Lactobacilli can also be used to restore particular physiological balance such as in the vaginal eco-system.[6][7][8] Their role is (1) to physically protect the vaginal epithelium by building a thick layer separating the epithelium from pathogens, (2) to physiologically keep the balance of the vaginal ecosystem in maintaining the pH at ~4.5, and (3) generating hydrogen peroxide against pathogens. Lactobacilli are highly tolerant to low pH and can easily maintain low pH and protect the vaginal eco-system from Gram-negative and Gram-positive bacteria.


The genus Lactobacillus currently consists of over 180 species and encompasses a wide variety of organisms.[9] The genus is polyphyletic, with the genus Pediococcus dividing the L. casei group, and the species L. acidophilus, L. salivarius, and L. reuteri being representatives of three distinct subclades. The genus Paralactobacillus falls within the L. salivarius group. In recent years, other members of the genus Lactobacillus (formerly known as the Leuconostoc branch of Lactobacillus) have been reclassified into the genera Atopobium, Carnobacterium, Weissella, Oenococcus, and Leuconostoc. More recently, the Pediococcus species P. dextrinicus has been reclassified as a Lactobacillus species (IJSEM, Paper in Press).

Dental caries[edit]

While streptococci family bacteria (e.g. Streptococcus mutans) are the main cause of tooth decay, other varieties of microbes can cause dental caries, but to a lesser extent. For example, although considered beneficial, some Lactobacillus species have been associated with dental caries. The Lactobacillus count in saliva has been used as a "caries test" for many years. This is one of the arguments used in support of the use of fluoride in toothpaste. Lactobacilli characteristically cause existing carious lesions to progress, especially those in coronal caries. The issue is, however, complex as recent studies show probiotics can allow beneficial lactobacilli to populate sites on teeth, preventing streptococci pathogens from taking hold and inducing dental decay.[1]


Many lactobacilli are unusual in that they operate using homofermentative metabolism (that is, they produce only lactic acid from sugars in contrast to heterofermentative lactobacilli which can produce either alcohol or lactic acid from sugars) and are aerotolerant despite the complete absence of a respiratory chain[citation needed]. This aerotolerance is manganese-dependent and has been explored (and explained) in Lactobacillus plantarum. Many lactobacilli do not require iron for growth and have an extremely high hydrogen peroxide tolerance.

According to metabolism, Lactobacillus species can be divided into three groups:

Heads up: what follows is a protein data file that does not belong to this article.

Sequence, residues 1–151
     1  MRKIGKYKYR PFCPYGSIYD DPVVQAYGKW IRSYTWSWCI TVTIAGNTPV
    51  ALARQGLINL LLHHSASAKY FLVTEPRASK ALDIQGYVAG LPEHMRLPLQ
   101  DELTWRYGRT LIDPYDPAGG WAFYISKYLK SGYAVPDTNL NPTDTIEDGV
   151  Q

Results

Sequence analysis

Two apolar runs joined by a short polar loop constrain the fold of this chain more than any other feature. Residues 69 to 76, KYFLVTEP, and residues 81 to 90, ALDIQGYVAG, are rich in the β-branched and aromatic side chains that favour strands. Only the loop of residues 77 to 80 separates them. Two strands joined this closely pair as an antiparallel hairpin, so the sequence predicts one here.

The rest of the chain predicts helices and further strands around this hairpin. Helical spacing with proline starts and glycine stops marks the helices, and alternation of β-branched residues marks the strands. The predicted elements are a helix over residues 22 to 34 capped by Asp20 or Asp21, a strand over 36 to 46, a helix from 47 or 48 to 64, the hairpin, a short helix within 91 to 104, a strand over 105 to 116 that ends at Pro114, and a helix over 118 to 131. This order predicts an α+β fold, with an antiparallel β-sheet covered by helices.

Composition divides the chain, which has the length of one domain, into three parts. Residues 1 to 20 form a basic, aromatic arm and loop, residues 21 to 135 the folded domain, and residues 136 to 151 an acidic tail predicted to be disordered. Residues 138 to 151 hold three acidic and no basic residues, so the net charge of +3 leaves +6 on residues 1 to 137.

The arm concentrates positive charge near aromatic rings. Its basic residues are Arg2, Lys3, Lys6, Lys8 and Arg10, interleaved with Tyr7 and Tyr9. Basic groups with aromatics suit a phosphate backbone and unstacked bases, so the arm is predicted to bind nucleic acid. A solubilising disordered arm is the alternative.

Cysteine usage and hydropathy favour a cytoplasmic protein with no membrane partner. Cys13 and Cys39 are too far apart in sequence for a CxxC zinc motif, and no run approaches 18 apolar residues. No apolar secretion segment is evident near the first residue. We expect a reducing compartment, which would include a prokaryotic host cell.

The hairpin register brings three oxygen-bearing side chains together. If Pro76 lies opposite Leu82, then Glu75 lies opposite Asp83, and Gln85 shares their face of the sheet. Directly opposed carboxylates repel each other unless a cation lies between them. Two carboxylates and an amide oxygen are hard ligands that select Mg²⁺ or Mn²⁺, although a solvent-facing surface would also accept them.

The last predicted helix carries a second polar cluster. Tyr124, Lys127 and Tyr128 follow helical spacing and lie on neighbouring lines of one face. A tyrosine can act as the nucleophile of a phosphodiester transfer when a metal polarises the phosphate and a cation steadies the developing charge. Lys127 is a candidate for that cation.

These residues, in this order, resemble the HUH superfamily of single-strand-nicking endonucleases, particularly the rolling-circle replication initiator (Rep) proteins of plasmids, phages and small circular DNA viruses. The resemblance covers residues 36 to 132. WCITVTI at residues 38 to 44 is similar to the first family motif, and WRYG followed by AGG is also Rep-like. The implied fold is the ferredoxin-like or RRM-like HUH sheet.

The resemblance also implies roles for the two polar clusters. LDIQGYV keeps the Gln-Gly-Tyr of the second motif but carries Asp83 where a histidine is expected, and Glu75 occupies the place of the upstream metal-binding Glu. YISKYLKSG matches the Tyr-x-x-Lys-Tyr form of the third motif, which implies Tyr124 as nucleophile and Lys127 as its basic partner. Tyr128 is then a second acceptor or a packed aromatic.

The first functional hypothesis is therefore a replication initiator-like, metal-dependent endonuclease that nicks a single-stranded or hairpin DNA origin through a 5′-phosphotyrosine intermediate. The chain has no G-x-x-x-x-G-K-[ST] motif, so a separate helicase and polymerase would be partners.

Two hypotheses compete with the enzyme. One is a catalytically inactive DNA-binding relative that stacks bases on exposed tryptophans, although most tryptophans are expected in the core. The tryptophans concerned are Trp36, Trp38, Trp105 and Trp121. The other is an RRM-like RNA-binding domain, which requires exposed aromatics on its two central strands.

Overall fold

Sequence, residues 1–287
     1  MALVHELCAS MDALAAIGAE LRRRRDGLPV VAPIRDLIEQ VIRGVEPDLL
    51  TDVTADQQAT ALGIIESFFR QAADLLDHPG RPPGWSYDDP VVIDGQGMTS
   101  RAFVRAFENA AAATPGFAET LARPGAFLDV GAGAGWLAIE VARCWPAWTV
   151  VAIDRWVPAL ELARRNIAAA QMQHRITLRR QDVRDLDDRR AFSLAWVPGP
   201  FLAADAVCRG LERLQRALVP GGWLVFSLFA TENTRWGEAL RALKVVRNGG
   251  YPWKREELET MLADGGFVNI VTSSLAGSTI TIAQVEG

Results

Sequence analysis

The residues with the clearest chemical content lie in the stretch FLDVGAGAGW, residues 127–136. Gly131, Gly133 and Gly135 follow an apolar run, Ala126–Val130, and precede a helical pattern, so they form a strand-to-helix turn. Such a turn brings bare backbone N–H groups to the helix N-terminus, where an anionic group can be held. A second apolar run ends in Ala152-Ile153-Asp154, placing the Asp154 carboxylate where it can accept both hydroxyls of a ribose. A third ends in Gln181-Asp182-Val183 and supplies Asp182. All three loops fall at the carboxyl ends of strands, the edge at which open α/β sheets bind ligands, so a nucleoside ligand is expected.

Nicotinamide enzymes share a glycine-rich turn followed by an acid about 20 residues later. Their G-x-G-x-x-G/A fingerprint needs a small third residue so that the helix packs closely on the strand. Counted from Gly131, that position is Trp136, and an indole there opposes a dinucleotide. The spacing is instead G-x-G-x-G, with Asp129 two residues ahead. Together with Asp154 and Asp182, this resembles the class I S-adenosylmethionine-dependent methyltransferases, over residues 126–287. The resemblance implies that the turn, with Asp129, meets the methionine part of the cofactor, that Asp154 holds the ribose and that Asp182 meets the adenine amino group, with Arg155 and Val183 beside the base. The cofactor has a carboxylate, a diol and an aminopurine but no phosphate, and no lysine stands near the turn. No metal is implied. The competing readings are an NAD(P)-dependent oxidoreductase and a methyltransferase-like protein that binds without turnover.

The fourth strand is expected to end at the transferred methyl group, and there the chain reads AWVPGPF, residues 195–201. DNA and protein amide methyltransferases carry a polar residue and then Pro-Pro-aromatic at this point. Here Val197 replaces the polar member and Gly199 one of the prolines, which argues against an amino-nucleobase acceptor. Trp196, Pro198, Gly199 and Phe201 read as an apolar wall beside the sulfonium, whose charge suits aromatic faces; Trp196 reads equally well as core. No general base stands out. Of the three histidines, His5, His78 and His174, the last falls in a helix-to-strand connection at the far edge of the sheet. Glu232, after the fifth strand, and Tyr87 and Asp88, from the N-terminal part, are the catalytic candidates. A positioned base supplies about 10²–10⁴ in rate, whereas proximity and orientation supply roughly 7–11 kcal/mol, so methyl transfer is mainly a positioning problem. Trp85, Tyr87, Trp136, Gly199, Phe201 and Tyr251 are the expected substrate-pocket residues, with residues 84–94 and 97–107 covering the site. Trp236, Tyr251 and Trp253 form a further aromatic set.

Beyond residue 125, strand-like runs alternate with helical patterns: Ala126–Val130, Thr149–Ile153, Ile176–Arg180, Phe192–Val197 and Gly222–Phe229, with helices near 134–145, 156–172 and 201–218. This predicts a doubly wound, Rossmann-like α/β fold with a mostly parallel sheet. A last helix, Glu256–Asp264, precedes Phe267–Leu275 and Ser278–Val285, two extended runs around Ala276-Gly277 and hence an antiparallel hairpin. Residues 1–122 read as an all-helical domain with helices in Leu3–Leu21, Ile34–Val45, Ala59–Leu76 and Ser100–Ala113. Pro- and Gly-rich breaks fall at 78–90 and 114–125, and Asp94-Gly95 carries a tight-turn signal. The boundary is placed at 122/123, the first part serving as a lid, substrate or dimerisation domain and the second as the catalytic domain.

See also[edit]


  1. ^ Makarova, K.; Slesarev, A.; Wolf, Y.; Sorokin, A.; Mirkin, B.; Koonin, E.; Pavlov, A.; Pavlova, N. et al. (Oct 2006). "Comparative genomics of the lactic acid bacteria". Proc Natl Acad Sci U S A 103 (42): 15611–6. doi:10.1073/pnas.0607117103. PMC 1622870. PMID 17030793. 
  2. ^ Dicks, LMT; M. Silvester; PA Lawson; MD Collins (2000). "Lactobacillus fornicalis sp. nov., isolated from the posterior fornix of the human vagina". International Journal of Systematic and Evolutionary Microbiology (Society for General Microbiology) 50 (3): 1253–8. doi:10.1099/00207713-50-3-1253. ISSN 1466-5034. PMID 10843070. Retrieved February 14, 2010. 
  3. ^ "Lactobacillus". 
  4. ^ Ljungh, Åsa; Wadström, Torkel, eds. (2009). Lactobacillus Molecular Biology: From Genomics to Probiotics. Caister Academic Press. ISBN 978-1-904455-41-7. 
  5. ^ Chen, X.; Fruehauf, J.; Goldsmith, J. D.; Xu, H.; Katchar, K. K.; Koon, H. W.; Zhao, D.; Kokkotou, E. G.; Pothoulakis, C.; Kelly, C. N. P. (2009). "Saccharomyces boulardii Inhibits EGF Receptor Signaling and Intestinal Tumor Growth in Apcmin Mice". Gastroenterology 137 (3): 914–923. doi:10.1053/j.gastro.2009.05.050. PMC 2777664. PMID 19482027.  edit
  6. ^ Reid, G.; Dols, J.; Miller, W. (2009). "Targeting the vaginal microbiota with probiotics as a means to counteract infections". Current Opinion in Clinical Nutrition and Metabolic Care 12 (6): 583–587. doi:10.1097/MCO.0b013e328331b611. PMID 19741517.  edit
  7. ^ Osset, J.; Bartolomé, R. M.; García, E.; Andreu, A. N. (2001). "Assessment of the Capacity ofLactobacillusto Inhibit the Growth of Uropathogens and Block Their Adhesion to Vaginal Epithelial Cells". The Journal of Infectious Diseases 183 (3): 485–491. doi:10.1086/318070. PMID 11133381.  edit
  8. ^ Pascual, L. M.; Daniele, M. B.; Ruiz, F.; Giordano, W.; Pájaro, C.; Barberis, L. (2008). "Lactobacillus rhamnosus L60, a potential probiotic isolated from the human vagina". The Journal of general and applied microbiology 54 (3): 141–148. PMID 18654035.  edit
  9. ^

External links[edit]